Federal officials cracked down on medical establishments today, when they charged 91 people in seven cities (Baton Rouge, Louisiana, Chicago, Dallas, Houston, Los Angeles, Miami and New York City) for approximately $430 million in Medicare fraud. The investigation conducted by the Justice Department and the Health and Human Services department uprooted many false billing schemes in the Medicare program, which allocates $590 billion to helping the elderly and disabled.
The indictments total more than $230 million in home health care fraud, $100 million in mental health care fraud, and $49 million in ambulance transportation frauds. Though this bunch is just a small portion of the doctors, nurses, and healthcare administrators who help heal sick people, the accused make the healthcare industry seem like a cartel. Below we list the most egregious of the Medicare frauds charged in this crackdown by city.
Four people, including a registered practical nurse, billed Medicare $2.4 million over the sale of medically unnecessary equipment.
A psychologist was charged with sending thousands of false claims for services to Medicare recipients in nursing homes. According to the indictment, she claimed that she had provided psychotherapy services to patients who had long been dead. Multiple times, she reported that she had provided over 24 hours of care in a single day.
One scheme in Dallas, involving just one medical doctor and two registered nurses, defrauded the Medicare program to the tune of $100 million in home health care services, amounting to nearly half of the home health care fraud charged in this strike. The indictment says that the doctor billed Medicare for 33,000 prescriptions allotted to 2,000 patients (or nearly 17 prescriptions per patient) between 2006 and 2011. Many of the Medicare beneficiaries had primary care physicians who never certified that the company could provide care for them. Allegedly, the doctor would send out so many prescription claims that he would simply sign stacks without reading them.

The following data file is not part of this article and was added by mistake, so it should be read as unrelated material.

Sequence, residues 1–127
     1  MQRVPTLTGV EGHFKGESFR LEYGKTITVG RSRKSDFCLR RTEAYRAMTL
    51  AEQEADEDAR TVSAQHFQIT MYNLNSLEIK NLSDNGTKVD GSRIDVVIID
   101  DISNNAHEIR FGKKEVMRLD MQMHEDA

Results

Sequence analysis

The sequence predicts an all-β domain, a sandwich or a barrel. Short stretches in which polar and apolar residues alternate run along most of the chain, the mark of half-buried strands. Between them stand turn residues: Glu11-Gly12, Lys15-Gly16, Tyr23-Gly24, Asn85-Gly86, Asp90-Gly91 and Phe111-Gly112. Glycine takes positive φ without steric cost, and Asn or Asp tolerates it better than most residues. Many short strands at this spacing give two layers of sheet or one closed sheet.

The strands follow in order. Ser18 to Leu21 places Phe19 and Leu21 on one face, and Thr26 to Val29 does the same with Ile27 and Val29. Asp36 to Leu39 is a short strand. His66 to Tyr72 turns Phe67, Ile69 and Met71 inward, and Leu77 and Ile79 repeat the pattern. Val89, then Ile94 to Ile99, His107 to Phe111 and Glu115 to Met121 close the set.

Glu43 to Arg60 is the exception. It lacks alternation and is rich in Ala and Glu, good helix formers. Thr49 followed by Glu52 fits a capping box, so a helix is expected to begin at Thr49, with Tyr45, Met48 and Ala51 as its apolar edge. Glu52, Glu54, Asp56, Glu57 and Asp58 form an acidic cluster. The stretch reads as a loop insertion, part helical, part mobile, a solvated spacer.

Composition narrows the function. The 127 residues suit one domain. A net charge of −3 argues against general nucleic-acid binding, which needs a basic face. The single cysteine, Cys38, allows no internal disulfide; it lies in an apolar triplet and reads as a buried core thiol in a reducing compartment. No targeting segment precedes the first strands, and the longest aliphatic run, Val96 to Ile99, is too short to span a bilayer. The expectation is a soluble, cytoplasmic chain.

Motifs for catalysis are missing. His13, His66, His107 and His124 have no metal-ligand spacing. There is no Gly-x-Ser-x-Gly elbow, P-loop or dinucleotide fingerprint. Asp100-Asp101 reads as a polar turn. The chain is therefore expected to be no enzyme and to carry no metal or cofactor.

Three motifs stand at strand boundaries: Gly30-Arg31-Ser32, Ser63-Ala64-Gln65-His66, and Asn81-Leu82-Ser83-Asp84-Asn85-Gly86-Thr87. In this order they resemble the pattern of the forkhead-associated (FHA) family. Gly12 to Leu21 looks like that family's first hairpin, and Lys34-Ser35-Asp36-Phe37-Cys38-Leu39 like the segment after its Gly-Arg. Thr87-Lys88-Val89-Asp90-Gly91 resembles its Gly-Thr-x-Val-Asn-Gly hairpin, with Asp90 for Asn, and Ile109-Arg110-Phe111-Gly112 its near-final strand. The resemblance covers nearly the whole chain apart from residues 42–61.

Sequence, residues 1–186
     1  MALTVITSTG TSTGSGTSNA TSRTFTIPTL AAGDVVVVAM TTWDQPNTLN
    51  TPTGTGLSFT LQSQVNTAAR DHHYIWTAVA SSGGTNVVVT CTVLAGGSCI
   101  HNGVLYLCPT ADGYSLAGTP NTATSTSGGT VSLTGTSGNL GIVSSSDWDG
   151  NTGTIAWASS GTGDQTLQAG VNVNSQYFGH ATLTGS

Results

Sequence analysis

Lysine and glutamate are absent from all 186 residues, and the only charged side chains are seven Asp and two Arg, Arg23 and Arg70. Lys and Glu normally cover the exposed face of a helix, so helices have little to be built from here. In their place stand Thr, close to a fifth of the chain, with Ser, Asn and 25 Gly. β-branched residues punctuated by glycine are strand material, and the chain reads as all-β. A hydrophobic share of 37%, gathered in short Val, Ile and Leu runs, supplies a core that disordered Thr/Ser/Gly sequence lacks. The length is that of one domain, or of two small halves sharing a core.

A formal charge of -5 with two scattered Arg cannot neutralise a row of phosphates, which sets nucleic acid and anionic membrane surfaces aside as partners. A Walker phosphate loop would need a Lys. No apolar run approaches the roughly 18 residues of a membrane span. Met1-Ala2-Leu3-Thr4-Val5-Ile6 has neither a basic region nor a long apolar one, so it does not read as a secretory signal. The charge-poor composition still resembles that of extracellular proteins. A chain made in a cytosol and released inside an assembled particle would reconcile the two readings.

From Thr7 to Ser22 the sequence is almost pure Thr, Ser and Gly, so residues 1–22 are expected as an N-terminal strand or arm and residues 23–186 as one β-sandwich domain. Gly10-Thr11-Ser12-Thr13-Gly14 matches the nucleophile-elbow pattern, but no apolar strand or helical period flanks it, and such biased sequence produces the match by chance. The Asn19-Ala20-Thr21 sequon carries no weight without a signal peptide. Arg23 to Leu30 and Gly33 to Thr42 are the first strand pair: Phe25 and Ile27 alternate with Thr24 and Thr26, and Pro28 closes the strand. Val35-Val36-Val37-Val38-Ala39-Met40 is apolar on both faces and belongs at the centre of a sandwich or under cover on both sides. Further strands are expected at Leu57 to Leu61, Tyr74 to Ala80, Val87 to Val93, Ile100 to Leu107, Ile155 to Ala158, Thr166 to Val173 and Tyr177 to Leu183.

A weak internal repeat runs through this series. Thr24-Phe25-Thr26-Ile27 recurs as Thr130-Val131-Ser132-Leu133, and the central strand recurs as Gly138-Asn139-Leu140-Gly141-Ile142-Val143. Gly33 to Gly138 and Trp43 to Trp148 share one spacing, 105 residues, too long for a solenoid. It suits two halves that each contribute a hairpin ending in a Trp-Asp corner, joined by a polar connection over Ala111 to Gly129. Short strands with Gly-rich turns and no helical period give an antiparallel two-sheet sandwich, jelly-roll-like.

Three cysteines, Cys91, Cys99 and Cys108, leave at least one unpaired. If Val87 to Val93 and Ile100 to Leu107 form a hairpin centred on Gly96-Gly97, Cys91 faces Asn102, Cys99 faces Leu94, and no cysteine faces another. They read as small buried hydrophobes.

Seven people in one hospital were charged in today's indictment. The hospital has a troubled legal history and earlier this year, their assistant administrator, Mohammad Kahn, pleaded guilty to conspiracy to commit healthcare fraud and paying kickbacks. Kahn appeared in court for the crimes on February 22, and the charges amounted to $116 million in fraudulent claims sent to Medicare. Today, the federal government tacked on $42 million in claims that were discovered after his previous appearance in court. The kickbacks? Cigarettes, coupons and food given to Medicare recipients, who would watch television or play games rather than receiving the services that were charged to Medicare.
An ambulance company in Los Angeles gets a medal because its ambulance fraud case, at $49.2 million, was the largest ever prosecuted by the Medicare Fraud Strike Force. The court documents say that they billed Medicare for ambulance rides that were medically unnecessary.
Lanny A. Breuer, an Assistant Attorney General for the Justice Department, said in today's press conference that a psychiatric hospital in Miami gave kickbacks in cash to the owners of assisted living facilities in order to obtain more patients. The psychiatric hospital then billed Medicare over $67 million, either for patients that they had never had or for services that they had never performed.
New York City:
The office manager of a Queens medical center and the owner of a service that provides ambulettes, which are transportation to mentally or physically impaired people, charged Medicare $3 million. They reportedly said that they gave physical therapy and diagnostic exams to beneficiaries who were paid in kickbacks to use their services.
Published by Medicaldaily.com